This action might not be possible to undo. Are you sure you want to continue?
1. Honour Killings For seeking Marriage The notion of the defilement of the male honour has extended over time to include not 0nly sexual 'misdemeanour' but also other acts of male control. Expressing a desire to choose a marriage partner and actually contracting a marriage with a partner of one's choice in a society where the majority of marriages are arranged by parents, are considered major acts of defiance. Such acts are perceived to defile the honour of man to whom the young woman belongs and who can expect a bride price at her marriage. Women who marry a man of their choice moreover take recourse to state law, placing themselves outside the traditional scheme; by the public nature of their action they shame their guardians leading them to resort to violence to restore their honour. Marriage arrangements are delicate and seen to involve serious balancing acts; any disturbance of this balance by a woman refusing a father's choice are considered to affect the father's standing in society. Sometimes women are killed for alleged sexual impropriety in a marriage arrangement context when different male relatives have different marital arrangements in mind and the woman is caught in between conflicting requirements of obedience. 17-year-old Nagina Bibi in Tarali Kalan near Islamabad, was engaged by her father to her cousin, but her brother wanted her to marry his wife's brother. After her brother saw her talk to the cousin chosen by their father on the street, he and another brother on 14 April 1994 reportedly tied Nagina with a rope to a wooden post in their home, sprinkled kerosene on her and set her on fire. Neighbours had her admitted to a hospital with 75% burns, which the family claimed to be due to stove bursting. Nagina told doctors that her brother had set her on fire because she had disobeyed him. The Progressive Women's Association investigated the case and had a case registered against the brother. Nagina died after 23 painful days in hospital. Watta-Satta marriages in which siblings are married to siblings of another family, put an additional burden on women to abide by parental marriage arrangement and to neither refuse nor seek divorce. All marriage arrangements are understood to be about balance, involving the transfer of women for an appropriate bride price; in Watta-Satta marriages the balance additionally involves exchange of siblings. The two couples so linked must remain perfectly balanced for the sake of the honour of the parents responsible for the arrangement. 2. Honour Killings For Seeking Divorce Several women who have sought divorce through the courts have been injured, killed or never been heard of again. Seeking divorce gives a strong signal of public defiance which calls for punitive action against such women to restore male honour within the traditional honour scheme. One of the most recent honour killings of a woman seeking divorce occurred in the afternoon of 6 April 1999, when 29-year-old Samia Sarwar, a mother of two young sons, was shot dead in her lawyer's office in Lahore. Her lawyer, Hina Jilani was also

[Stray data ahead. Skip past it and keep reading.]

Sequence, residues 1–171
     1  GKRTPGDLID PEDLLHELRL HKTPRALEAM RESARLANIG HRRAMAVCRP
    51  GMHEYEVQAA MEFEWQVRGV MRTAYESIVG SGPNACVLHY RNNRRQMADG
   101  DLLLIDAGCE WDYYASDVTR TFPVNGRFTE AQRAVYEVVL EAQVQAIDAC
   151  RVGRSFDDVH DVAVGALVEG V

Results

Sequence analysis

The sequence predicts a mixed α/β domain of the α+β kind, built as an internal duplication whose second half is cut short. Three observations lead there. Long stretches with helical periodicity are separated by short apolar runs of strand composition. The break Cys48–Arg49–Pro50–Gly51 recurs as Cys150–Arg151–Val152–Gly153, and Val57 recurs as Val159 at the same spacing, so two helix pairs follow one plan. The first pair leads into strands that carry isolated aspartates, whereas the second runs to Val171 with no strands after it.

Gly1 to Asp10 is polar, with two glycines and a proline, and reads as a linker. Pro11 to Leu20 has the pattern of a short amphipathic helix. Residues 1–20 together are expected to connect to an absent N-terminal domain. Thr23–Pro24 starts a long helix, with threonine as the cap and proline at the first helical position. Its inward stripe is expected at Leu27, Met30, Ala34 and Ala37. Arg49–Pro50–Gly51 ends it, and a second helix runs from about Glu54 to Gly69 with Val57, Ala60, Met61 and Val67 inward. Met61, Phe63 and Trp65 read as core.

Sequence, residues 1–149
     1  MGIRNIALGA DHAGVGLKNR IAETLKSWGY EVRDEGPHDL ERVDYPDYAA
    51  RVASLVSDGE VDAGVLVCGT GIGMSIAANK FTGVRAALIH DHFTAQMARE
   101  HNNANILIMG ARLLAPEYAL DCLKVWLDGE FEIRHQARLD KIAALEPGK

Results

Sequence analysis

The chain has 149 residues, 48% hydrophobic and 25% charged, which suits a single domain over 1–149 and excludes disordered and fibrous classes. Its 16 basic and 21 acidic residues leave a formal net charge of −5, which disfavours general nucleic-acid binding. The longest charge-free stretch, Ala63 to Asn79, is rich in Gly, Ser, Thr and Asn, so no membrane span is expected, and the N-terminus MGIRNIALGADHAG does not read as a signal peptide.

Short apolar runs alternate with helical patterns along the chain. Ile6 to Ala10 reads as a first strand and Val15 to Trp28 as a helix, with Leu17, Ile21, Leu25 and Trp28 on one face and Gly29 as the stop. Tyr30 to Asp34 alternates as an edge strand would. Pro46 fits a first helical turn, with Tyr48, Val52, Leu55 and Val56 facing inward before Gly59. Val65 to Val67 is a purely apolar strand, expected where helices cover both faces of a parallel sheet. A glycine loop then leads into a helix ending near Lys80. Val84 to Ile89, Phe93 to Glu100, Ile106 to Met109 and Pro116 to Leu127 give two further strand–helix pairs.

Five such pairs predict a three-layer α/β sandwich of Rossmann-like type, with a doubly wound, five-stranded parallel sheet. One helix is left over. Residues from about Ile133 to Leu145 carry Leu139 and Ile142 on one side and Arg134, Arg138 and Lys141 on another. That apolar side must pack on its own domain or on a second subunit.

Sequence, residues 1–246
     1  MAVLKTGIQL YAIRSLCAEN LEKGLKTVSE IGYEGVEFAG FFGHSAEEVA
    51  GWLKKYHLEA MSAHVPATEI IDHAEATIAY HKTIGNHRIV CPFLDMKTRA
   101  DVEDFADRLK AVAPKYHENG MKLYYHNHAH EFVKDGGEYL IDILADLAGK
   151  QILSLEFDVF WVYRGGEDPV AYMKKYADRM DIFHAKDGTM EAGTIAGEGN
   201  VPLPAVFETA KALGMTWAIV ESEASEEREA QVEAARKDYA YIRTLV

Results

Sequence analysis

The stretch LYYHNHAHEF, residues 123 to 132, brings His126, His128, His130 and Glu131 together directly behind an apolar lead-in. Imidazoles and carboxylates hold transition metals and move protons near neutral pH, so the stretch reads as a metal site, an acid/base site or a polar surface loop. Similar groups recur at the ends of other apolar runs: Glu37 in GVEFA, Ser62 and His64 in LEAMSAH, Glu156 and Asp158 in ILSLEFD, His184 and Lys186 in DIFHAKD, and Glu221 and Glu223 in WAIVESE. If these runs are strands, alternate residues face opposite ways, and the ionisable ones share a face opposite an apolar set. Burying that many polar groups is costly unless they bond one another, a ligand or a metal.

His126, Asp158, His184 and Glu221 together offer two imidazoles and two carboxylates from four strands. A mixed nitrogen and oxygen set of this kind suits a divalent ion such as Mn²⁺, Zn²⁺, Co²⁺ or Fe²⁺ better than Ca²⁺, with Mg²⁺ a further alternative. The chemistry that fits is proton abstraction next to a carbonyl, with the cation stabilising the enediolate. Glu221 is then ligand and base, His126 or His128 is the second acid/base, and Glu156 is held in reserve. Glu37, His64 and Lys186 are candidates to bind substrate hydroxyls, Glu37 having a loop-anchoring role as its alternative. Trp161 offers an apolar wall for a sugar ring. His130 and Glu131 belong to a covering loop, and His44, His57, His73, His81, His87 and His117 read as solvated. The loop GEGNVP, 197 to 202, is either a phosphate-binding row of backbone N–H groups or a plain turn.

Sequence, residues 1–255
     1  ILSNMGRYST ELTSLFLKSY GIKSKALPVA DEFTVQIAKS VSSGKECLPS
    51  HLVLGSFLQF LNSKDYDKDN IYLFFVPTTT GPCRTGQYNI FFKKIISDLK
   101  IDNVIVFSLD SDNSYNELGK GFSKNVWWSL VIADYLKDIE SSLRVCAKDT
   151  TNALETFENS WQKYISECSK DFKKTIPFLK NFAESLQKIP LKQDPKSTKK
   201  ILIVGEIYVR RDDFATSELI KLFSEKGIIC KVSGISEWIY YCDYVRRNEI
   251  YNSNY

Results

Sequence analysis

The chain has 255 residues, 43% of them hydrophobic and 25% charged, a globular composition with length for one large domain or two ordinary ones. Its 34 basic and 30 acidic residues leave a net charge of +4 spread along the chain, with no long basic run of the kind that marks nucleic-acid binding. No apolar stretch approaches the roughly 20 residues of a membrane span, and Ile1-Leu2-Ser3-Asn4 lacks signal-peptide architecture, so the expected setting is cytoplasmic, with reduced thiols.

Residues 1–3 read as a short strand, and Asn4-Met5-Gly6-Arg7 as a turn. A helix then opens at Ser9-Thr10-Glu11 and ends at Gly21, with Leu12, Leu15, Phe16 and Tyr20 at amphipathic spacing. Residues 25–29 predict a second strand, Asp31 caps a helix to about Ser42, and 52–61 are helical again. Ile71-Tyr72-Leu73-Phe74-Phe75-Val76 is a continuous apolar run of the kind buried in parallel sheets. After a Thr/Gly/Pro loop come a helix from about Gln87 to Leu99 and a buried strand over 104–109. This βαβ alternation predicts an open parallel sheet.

threatened but not injured. A para-legal trainer Shahtaj Qizalbash was abducted by the killers but eventually released. The apparent reason for the killing, threats and abduction was that Samia's family felt their honour defiled by her disobedience to their wishes and her persisting in seeking a divorce from her abusive husband. The Sarhad Chambers of Commerce and Industry, of which Samia's father is president and several religious organizations on 8 and 9 April 1999 demanded that Hina Jilani and Asma Jehangir be dealt with in accordance with "tribal and Islamic law" and be arrested for "misleading women in Pakistan and contributing to the country's bad image abroad". Several people belonging to religious organizations issued fatwas (religious edicts) against both women and promised to pay rewards to anyone who would kill them. In late April 1999, Asma Jehangir filed an F.I.R with police against 16 people, including prominent businessmen in Peshawar, for issuing death threats against her and her sister. She also called on the government to set up a judicial inquiry headed by a supreme court judge to investigate almost 300 cases of honour killings reported last year in Pakistan. No action is known to have been taken on either issue. 3. Honour Killings For Rape For a woman to be targeted for killing in the name of honour, her consent…or the lack of consent… in an action considered shameful is irrelevant to the guardians of honour. Consequently a woman subjected to rape brings shame on her family just as she would when engaging in a consensual sexual relationship. "A woman raped shames the community and dishonours the man", according to Nafisa Shah [Nafisa Shah: A Story in Black: Karo Kari killings in upper Sindh, Reuter Foundation Paper 100, Oxford, 1998, p.56. Statury Law under the Zina ordinance does not strictly differentiate between rape and fornication either, in fact, if a raped woman cannot prove that she did not consent to intercourse, she is considered to have committed zina, fornication, which attracts severe punishments.] …it does not dishonour the rapist. In March 1999, a 16-year-old mentally retarded girl, was reportedly raped by a junior clerk of the local government of agriculture who took her to a hotel in Parachinar, N.W.F.P. The girl's uncle filed a report about the incident with police who apprehended the accused but handed over the girl to her tribe, in the Kurram Agency, a tribal area which has it's own legal and judicial system under provisions of the constitution of Pakistan. A jirga of Pushtun Tribesmen decided that she had brought shame to her tribe and that it's honour could only be restored by her death. She was shot dead in -front of a tribal gathering. The rapist was reportedly detained by police, for 'his own protection' when tribesmen demanded that he be handed over to them so they could execute him in accordance with tribal traditions. An Islamabad-based NGO, Sahil, in a press release expressed it's shock at the killing, saying it had been carried out not by an individual overcome with emotion, but by a community which sat in judgement and pronounced the victim guilty. 4. Killings Under The Pretext Of Honour: "Honour Killings was punishment for violating the honour codes but the tribes have subverted the custom of killing not for honour but to obtain the compensation that the